Well, our Covid life goes on, doesn’t it? I said in the previous post about my rural past that I’d do another about a fatal attraction for farmers? Well, here you are. Now, if anyone who appears in this ever reads it, apologies in advance, I was young, foolish and it was, like, gulp, fifty years ago.
So, I said my parents were rackety, yes? Well, the rural idyll in Oxfordshire described previously was rudely interrupted by their decision to move up north, to Macclesfield. I can’t be bothered explaining why. We lived in two houses up there, then, next thing I knew, they were moving down south again, to Cliddesden, a little village outside Basingstoke. The M3 has since cut its way between the village and the town, and it is now very up-market. Back then, in 1968, Cliddesden was still a proper village dominated by Manor Farm at one end, a shop and post office, church, garage, pub, duck-pond, a school and about three buses a day into the town.
It was June, I was 18/19, and had just returned home after my first year at the Lanchester Polytechnic (now Coventry University) doing a degree called Modern Studies, which I was not enjoying – again, don’t ask me why or how I got there. It was politics, economics, international relations etc. I didn’t like Coventry, the Poly or any of it. I knew I’d performed poorly in my exams and was feeling a bit discouraged and anxious about the future.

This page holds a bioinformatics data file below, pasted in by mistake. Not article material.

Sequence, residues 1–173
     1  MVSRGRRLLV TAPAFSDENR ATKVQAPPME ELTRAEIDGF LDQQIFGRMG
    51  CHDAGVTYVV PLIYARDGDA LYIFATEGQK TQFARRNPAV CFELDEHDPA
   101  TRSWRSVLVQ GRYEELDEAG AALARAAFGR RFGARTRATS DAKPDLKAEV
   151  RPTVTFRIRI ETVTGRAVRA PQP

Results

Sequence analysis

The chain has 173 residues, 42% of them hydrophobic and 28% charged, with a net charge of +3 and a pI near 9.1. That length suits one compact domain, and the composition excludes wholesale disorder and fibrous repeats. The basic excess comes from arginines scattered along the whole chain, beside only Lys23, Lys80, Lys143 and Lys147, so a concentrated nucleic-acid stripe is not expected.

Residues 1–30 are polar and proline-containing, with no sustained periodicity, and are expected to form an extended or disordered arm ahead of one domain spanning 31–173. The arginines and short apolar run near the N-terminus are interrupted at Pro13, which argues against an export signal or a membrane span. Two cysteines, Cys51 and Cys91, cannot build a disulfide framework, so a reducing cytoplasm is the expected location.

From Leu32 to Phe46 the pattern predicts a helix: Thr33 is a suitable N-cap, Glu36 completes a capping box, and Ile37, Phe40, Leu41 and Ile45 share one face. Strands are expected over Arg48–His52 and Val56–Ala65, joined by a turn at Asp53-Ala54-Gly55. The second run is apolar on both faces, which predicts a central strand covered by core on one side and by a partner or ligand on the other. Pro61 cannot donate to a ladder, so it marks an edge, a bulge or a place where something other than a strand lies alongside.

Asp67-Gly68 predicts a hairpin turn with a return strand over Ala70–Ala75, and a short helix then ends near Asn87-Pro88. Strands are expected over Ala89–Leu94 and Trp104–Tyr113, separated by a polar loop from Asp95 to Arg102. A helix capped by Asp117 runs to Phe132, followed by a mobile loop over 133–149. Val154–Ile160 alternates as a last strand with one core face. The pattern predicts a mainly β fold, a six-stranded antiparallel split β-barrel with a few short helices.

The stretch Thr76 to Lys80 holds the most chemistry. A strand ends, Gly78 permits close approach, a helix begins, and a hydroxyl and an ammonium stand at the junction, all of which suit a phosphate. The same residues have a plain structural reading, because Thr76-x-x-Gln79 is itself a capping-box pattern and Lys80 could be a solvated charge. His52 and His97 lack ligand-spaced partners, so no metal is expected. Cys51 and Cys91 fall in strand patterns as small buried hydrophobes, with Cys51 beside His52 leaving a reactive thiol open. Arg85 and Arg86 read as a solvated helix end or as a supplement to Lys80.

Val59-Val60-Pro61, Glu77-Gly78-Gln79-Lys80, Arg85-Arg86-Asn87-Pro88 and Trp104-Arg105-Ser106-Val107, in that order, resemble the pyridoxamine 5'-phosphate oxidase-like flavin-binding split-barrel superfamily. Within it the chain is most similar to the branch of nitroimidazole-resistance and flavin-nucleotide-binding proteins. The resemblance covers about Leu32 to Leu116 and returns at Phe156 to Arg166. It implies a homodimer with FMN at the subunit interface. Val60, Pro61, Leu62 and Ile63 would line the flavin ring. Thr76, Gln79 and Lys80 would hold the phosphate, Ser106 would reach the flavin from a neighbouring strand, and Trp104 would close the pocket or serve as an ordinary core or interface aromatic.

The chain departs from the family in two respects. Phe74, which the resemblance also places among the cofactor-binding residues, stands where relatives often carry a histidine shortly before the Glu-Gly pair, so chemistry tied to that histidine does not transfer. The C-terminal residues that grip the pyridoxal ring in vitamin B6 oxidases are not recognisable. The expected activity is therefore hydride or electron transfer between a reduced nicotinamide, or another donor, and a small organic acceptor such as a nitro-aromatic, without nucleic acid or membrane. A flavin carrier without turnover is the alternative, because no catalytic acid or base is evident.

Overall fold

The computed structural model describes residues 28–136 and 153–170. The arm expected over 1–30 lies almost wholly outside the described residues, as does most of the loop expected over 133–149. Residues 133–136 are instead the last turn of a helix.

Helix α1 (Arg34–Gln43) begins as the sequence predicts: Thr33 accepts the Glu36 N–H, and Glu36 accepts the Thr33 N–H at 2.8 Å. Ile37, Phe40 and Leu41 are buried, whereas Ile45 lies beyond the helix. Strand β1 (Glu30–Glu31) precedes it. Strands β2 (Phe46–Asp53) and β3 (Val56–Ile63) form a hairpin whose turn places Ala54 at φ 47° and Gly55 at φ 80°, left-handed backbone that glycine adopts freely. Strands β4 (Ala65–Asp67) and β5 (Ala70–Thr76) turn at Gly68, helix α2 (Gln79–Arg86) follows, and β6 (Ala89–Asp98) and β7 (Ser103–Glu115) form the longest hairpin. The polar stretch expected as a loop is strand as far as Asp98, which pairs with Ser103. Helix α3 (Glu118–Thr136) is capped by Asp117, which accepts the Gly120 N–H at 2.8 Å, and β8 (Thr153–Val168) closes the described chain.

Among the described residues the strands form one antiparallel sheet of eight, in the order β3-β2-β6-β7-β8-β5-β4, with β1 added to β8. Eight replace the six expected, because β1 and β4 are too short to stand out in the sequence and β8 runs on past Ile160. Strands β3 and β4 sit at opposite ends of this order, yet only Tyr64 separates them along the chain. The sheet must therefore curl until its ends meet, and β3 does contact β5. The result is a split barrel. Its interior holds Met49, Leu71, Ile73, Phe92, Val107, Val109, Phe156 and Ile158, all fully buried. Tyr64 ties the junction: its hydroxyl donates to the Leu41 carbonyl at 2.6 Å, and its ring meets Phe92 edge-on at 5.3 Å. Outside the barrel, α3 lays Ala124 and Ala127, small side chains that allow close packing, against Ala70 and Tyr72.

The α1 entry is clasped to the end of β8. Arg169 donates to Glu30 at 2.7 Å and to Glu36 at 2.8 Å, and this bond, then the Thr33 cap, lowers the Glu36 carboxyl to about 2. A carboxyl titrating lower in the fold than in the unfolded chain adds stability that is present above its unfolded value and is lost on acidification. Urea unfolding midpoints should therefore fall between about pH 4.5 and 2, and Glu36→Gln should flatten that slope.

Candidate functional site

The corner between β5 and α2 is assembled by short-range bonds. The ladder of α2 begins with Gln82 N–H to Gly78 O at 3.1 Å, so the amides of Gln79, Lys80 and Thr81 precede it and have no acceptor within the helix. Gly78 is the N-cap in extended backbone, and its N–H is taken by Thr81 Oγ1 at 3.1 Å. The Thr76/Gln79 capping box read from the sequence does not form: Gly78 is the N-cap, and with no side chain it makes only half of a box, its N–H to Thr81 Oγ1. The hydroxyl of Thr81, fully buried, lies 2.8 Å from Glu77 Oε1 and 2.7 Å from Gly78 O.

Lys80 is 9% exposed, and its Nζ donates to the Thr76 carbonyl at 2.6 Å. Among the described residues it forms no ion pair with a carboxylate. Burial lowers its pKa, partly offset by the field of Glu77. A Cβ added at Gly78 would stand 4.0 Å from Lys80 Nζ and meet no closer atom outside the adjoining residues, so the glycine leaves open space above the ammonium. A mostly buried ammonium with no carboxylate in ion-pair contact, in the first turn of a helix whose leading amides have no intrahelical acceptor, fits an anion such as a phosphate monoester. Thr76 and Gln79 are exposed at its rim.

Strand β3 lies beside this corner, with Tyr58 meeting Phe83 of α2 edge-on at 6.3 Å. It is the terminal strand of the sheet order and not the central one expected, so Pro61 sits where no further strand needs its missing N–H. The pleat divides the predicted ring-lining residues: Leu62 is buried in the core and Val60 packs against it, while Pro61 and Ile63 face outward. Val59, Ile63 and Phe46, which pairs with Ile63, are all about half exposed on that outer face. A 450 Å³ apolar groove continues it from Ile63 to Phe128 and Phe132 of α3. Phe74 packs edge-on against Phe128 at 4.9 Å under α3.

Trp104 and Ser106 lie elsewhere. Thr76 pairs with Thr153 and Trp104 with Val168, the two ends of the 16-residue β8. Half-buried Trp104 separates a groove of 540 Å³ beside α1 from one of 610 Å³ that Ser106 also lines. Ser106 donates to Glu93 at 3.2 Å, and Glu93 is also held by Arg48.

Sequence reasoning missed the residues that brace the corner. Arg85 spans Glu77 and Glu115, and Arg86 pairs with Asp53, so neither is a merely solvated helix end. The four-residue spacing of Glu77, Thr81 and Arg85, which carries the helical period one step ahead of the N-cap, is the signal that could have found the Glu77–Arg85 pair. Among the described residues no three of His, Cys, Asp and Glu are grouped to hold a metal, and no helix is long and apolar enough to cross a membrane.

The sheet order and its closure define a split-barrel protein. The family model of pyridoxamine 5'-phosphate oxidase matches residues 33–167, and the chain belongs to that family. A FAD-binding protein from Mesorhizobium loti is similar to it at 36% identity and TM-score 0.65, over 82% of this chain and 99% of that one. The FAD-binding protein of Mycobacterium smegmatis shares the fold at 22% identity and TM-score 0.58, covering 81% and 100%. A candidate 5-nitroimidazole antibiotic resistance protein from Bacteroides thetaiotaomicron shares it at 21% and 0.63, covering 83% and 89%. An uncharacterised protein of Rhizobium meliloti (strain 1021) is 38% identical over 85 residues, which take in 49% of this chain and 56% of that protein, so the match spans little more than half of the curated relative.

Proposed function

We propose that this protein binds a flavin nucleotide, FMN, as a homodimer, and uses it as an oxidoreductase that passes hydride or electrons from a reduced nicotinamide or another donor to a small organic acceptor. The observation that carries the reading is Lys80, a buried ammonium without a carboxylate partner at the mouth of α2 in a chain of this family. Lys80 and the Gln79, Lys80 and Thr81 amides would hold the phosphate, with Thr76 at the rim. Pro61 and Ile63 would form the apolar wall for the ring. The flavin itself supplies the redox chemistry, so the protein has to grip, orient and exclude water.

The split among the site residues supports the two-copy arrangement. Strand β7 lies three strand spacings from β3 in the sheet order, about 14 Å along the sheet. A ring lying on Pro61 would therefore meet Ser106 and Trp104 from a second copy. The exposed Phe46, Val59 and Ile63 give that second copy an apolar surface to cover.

The parents lived in a very attractive, but as usual for them, distinctly dilapidated old house called The Vine House, opposite the pub. It really did have a vine – an ancient, gnarled, neglected monster that lived in a crumbling glass house that covered one wall of the property. I took on the job of caring for it, pruning with a long pole cutter, teetering on a stepladder to thin out bunches of grapes, feeding it dried blood or whatever.
The parents were at peak dog by then – I shudder to think how many, barking all round the place in wonky kennels and runs cobbled up by my Dad. My mother had become an internationally known judge of dachshunds, travelling to the US, Kenya, South Africa. Our dogs were sold at premium prices to celebs – I remember Claudette Colbert got one, as did Alan J Lerner, of Lerner and Loewe. We had a live-in kennel maid, Pam, who had a learning disability… my mother did not treat her well.
Shortly after my return, my mother, who was also, wouldn’t you guess, big in the local Conservative Association, asked me to take a cake for the Conservative Garden Party up to Manor Farm. (I was by then already a socialist and a feminist. Remind me to tell you about the dreadful Saturday lunches with the then MP, David Mitchell, father of ‘pleb-gate’ Andrew Mitchell). I can even remember what I was wearing that day. From Chelsea Girl in Coventry, mini skirt, skinny-rib sleeveless polo neck top tucked into the skirt, white patent chunky sandals. So sixties. At the farm house – a lovely old place, see below, I knocked on the door, and to my astonishment, it was opened by a boy of my own age, Richard, the farmer’s son, just back from a stint farming in New Zealand. I’d never met him before. His mother, Mrs H, was ironing in the big farm kitchen. Much more about her later. By the time I’d handed over the cake, chatted with Richard in the hall and set off back down the road, I just knew he’d ring and ask me out, and before I’d got home I’d decided that my future was now sorted. I would marry him and be the farmer’s wife.